Similar to the send case, we configured the application server to post a 1MB file using an HTTP POST request for generating receive traffic for the vSphere host. We used the same number of connections and observed similar behavior for the throughput. Since the NIC does not have support for hardware LRO, we were getting 800K packets per second for each NIC. With eight 10GbE NICs, the packet rate reached close to 6.4 million packets per second. VMware does Software LRO for Linux and as a result we see large packets in the guest. The guest packet rate is around 240K packets per second. There was also significant traffic for TCP acknowledgements and for each physical NIC. The host was transmitting close to 120K acknowledgement packets for each physical NIC, bringing the total packets processed close to 7.5 million packets per second for eight 10Gb ports.

Figure 3. Average vSphere 5.5 host CPU utilization for send and receive

We also measured the average CPU reported for each of the tests. Figure 3 shows that the vSphere host’s CPU usage increased linearly as we added more physical NICs to the test for both send and receive. This indicates that performance improves at an expected and acceptable rate.

Test results show that vSphere 5.5 is an excellent platform on which to deploy networking-intensive workloads. vSphere 5.5 makes use of all the physical bandwidth capacity available and does this without incurring additional CPU cost.

 


[1]A 10GbE NIC can achieve only 9.4 Gbps of throughput with standard MTU. For a 1500 byte packet, we have 40 bytes for the TCP /IP header and 38 bytes for the Ethernet frame format.

Power Management and Performance in ESXi 5.1

Powering and cooling are a substantial portion of datacenter costs. Ideally, we could minimize these costs by optimizing the datacenter’s energy consumption without impacting performance. The Host Power Management feature, which has been enabled by default since ESXi 5.0, allows hosts to reduce power consumption while boosting energy efficiency by putting processors into a low-power state when not fully utilized.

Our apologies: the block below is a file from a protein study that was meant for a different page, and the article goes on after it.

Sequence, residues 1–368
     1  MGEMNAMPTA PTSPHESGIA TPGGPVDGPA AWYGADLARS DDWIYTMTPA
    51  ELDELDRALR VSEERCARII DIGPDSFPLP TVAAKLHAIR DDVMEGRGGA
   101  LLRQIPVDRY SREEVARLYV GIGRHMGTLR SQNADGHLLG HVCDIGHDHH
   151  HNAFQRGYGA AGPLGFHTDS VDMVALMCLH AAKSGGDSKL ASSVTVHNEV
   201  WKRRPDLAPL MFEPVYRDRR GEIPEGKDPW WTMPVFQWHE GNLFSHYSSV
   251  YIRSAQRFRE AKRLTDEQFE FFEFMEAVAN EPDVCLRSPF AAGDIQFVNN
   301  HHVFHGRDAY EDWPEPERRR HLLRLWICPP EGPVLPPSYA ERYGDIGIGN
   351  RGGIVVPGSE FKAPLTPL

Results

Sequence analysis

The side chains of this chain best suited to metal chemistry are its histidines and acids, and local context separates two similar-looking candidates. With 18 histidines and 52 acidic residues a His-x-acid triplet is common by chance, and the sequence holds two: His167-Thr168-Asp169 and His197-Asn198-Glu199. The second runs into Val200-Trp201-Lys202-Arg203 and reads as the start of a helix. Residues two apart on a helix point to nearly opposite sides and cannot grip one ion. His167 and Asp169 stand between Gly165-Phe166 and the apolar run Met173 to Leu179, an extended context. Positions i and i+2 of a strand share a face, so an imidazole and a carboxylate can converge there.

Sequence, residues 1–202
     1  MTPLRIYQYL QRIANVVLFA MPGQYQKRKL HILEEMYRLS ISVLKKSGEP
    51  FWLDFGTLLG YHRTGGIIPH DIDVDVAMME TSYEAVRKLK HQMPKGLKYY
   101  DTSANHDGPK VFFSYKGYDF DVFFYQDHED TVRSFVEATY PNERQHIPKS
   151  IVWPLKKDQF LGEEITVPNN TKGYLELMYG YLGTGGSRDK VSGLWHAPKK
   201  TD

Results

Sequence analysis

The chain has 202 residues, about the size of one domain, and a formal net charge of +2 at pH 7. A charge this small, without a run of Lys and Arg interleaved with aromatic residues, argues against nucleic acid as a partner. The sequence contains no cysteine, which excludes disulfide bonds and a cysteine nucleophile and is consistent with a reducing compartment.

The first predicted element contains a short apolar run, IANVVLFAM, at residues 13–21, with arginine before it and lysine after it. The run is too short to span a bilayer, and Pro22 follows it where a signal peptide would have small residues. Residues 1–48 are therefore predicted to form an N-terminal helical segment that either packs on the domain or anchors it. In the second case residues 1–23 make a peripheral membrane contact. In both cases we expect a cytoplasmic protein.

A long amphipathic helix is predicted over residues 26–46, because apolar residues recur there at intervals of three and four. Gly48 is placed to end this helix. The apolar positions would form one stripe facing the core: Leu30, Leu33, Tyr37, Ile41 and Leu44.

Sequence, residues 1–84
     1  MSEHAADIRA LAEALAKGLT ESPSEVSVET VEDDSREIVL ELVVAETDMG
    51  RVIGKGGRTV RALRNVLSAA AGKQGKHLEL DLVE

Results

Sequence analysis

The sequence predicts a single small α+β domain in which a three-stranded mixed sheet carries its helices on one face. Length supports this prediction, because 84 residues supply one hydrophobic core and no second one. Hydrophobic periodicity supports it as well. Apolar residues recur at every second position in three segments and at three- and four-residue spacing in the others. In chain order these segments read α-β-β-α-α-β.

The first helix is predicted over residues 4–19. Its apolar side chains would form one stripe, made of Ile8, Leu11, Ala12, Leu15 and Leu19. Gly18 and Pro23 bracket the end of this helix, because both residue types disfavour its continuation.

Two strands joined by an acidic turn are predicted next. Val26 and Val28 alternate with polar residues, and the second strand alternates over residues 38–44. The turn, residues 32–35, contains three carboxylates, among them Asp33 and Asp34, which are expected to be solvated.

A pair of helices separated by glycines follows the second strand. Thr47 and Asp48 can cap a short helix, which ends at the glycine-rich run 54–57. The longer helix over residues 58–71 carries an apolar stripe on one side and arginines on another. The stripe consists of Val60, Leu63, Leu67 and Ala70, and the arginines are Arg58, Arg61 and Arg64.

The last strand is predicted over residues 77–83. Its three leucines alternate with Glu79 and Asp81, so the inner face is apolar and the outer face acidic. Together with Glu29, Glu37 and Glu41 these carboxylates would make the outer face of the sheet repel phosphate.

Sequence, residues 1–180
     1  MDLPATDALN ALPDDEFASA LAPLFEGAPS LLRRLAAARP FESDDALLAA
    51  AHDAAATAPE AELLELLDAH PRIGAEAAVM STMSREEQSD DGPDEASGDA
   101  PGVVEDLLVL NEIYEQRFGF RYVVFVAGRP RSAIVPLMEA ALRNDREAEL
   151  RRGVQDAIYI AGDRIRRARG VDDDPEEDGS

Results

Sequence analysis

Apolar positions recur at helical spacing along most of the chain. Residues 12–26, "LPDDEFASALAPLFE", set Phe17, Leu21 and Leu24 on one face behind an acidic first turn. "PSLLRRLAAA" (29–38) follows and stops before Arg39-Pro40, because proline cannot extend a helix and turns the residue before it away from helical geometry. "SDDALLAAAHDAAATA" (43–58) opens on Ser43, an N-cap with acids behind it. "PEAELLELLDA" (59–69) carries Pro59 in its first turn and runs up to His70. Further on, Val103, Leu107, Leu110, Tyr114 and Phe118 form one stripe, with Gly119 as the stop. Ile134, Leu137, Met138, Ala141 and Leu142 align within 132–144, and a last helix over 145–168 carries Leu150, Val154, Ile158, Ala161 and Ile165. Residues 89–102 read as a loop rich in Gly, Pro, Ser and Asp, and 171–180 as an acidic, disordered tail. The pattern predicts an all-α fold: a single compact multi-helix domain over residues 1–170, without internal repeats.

Power management can be controlled by the either the BIOS or the operating system. In the BIOS, manufacturers provide several types of Host Power Management policies. Although they vary by vendor, most include “Performance,” which does not use any power saving techniques, “Balanced,” which claims to increase energy efficiency with minimal or no impact to performance, and “OS Controlled,” which passes power management control to the operating system. The “Balanced” policy is variably known as “Performance per Watt,” “Dynamic” and other labels; consult your vendor for details. If “OS Controlled” is enabled in the BIOS, ESXi will manage power using one of the policies “High performance,” “Balanced,” “Low power,” or “Custom.” We chose to study Balanced because it is the default setting.